Umbilical Hernia

July 29, 2014

Case History: Pregnant female, 21 weeks 3 days gestational age, G2P1, experiencing severe peri-umbilical pain and a palpable bump just to the right of the umbilicus.

Case History: Pregnant female, 21 weeks 3 days gestational age, G2P1, experiencing severe peri-umbilical pain and a palpable bump just to the right of the umbilicus. There was no history of blunt trauma to the abdomen, but had history of hernia repair surgery approximately two years prior to this hospital visit. No lab values were available, but those that would have been beneficial would be a white blood cell count and beta hCG. A limited obstetric ultrasound was ordered to check the wellbeing of the fetus, as well as an evaluation of the area of pain and bump.

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Figure 1. A Philips iU22 machine with a 5 MHz curved transducer was used for this portion of the exam. The placenta, amniotic fluid index, heart rate, biometry measurements and the cervix were evaluated first. The heart rate was within range at 140 beats per minute, as well as the fluid appearing within normal limits. No abruption in the placenta was noted.

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Figure 2. The placenta was imaged in both longitudinal and transverse imaging planes and extreme care was taken to be sure there were no signs of abruption or fetal distress.

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Figure 3. Upon careful demonstration of the placenta, it was noticed that the area directly anterior to the uterine wall appeared hypoechoic and heterogeneous. This image is right over the area of pain. The color Doppler box shown here demonstrates no color flow within the area of interest.

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Figure 4. Still using the curved transducer, the depth was decreased to get better visualization of the area of interest. This is a longitudinal (right) and transverse (left) image just to the right of the umbilicus, and the area of the patient’s pain.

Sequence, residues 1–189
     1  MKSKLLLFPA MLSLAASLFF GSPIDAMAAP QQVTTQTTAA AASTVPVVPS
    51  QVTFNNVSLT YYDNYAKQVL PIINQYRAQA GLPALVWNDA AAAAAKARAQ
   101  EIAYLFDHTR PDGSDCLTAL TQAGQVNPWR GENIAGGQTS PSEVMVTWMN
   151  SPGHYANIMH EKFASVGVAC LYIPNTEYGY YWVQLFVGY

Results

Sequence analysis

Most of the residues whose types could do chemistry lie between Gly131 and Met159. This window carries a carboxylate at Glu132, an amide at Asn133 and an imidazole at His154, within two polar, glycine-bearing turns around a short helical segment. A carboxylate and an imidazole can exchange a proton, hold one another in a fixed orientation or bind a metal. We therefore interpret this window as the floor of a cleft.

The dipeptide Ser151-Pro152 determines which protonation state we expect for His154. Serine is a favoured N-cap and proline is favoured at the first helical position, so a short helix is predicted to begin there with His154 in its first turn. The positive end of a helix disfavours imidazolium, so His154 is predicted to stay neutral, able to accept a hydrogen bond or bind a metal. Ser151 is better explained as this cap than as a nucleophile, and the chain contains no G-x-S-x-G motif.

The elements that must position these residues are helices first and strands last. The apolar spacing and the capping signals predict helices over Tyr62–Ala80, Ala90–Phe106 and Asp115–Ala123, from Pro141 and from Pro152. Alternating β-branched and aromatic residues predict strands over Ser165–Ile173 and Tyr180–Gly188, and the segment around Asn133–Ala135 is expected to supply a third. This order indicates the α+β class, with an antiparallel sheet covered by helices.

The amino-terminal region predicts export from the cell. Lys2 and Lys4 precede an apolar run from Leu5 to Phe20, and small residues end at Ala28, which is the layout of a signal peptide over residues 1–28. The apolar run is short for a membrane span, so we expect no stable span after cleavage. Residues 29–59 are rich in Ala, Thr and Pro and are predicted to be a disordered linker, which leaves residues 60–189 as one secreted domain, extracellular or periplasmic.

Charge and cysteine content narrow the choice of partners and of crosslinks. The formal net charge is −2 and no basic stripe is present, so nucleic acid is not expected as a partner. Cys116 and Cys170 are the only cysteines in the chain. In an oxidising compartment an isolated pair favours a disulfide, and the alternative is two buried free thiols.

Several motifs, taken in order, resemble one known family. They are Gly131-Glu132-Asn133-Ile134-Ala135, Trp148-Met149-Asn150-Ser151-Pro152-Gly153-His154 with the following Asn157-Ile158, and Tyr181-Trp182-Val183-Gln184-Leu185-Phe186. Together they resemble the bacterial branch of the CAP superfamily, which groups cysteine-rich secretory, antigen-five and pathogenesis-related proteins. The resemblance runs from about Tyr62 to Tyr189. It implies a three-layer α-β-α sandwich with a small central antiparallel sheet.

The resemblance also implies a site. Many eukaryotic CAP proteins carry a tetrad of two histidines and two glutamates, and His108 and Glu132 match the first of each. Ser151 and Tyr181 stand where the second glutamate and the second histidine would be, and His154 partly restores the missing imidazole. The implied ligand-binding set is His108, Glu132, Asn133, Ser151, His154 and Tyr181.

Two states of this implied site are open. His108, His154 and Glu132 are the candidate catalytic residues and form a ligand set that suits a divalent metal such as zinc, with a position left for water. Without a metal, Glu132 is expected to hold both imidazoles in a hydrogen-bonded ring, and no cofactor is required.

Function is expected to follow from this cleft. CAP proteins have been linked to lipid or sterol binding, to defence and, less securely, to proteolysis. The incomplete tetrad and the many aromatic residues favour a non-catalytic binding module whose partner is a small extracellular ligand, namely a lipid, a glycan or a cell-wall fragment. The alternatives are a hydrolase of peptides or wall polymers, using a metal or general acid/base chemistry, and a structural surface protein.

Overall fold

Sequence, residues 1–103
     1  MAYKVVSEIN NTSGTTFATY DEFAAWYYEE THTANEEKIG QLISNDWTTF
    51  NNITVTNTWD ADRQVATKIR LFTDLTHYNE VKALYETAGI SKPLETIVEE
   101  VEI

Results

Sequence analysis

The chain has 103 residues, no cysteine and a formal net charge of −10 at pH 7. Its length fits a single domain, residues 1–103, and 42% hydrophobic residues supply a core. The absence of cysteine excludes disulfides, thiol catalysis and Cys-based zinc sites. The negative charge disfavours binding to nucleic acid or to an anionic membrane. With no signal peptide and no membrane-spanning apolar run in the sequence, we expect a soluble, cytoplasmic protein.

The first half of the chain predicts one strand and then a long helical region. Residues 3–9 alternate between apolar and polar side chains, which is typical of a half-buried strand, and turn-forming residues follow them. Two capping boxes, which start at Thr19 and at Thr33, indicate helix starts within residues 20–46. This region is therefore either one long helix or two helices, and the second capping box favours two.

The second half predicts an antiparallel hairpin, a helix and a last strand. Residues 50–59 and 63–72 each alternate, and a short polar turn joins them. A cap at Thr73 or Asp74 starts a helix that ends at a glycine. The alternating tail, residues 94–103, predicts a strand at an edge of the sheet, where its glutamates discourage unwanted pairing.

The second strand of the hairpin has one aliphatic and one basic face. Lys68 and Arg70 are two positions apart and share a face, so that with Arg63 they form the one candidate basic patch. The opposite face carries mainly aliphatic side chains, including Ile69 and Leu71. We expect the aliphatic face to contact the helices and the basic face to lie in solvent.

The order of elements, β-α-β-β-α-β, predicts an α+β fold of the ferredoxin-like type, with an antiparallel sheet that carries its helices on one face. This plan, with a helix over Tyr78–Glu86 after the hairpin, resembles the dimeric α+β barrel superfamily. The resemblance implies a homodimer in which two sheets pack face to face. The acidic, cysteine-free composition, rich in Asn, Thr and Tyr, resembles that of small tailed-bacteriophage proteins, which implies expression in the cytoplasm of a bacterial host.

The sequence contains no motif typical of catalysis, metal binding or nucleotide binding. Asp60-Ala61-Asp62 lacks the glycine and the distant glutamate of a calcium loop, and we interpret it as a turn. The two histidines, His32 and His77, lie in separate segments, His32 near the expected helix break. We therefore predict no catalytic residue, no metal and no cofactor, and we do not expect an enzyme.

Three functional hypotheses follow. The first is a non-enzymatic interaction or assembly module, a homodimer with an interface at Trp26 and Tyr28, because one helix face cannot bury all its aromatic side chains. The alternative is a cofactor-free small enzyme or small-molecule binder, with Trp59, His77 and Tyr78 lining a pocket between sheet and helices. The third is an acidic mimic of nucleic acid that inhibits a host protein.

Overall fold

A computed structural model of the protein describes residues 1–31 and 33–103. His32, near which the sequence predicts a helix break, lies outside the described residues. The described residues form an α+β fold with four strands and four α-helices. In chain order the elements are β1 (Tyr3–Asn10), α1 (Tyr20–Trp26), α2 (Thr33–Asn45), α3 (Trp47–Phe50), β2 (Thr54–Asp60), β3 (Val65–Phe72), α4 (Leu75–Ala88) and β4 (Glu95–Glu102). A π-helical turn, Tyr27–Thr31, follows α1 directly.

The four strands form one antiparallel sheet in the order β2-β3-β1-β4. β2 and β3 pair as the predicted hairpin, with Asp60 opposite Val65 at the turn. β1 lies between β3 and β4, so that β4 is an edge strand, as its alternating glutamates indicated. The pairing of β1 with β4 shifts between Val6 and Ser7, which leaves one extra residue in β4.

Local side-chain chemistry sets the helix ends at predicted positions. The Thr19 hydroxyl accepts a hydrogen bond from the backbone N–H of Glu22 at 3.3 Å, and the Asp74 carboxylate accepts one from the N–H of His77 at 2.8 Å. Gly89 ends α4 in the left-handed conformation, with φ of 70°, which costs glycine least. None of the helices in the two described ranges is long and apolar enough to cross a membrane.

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Figure 5. Since the area of interest was so superficial, a linear high frequency transducer (12 MHz) was used for these images. This shows the area of the patient’s pain, just to the right of the umbilicus in the longitudinal and transverse planes. This image is directly over a palpable lump.

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Figure 6. The area appears well-circumscribed, anechoic and peristalsis was noted within the parenchyma in real-time scanning. The anechoic area was measured in the transverse and longitudinal plane, measuring 2.95 × 2.72 × 2.15 cm.

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Figure 7. Color Doppler was put on the images to show blood flow visualized within the outer hyperechoic “walls” of the well-circumscribed area.

Diagnosis: Umbilical hernia.

Discussion : A hernia is the “abnormal protrusion of an organ or part of an organ out of the cavity in which it is normally contained” (Ahuja 2007). Since there was peristalsis visualized, it can be proved that the anechoic area with hyperechoic wall is bowel. The Color Doppler proved that the bowel was still alive and had not been strangulated.

Two differential diagnoses for this patient would be appendicitis and stretching of the round ligament. Appendicitis occurs on the right side, but is typically associated with rebound pain. Stretching of the round ligament occurs with pregnancy as the uterus grows, causing sharp pains, but does not cause a palpable bump to form.

Reference
Ahuja A. Diagnostic imaging: ultrasound. Salt Lake City, UT: Amirsys, Inc. 2007.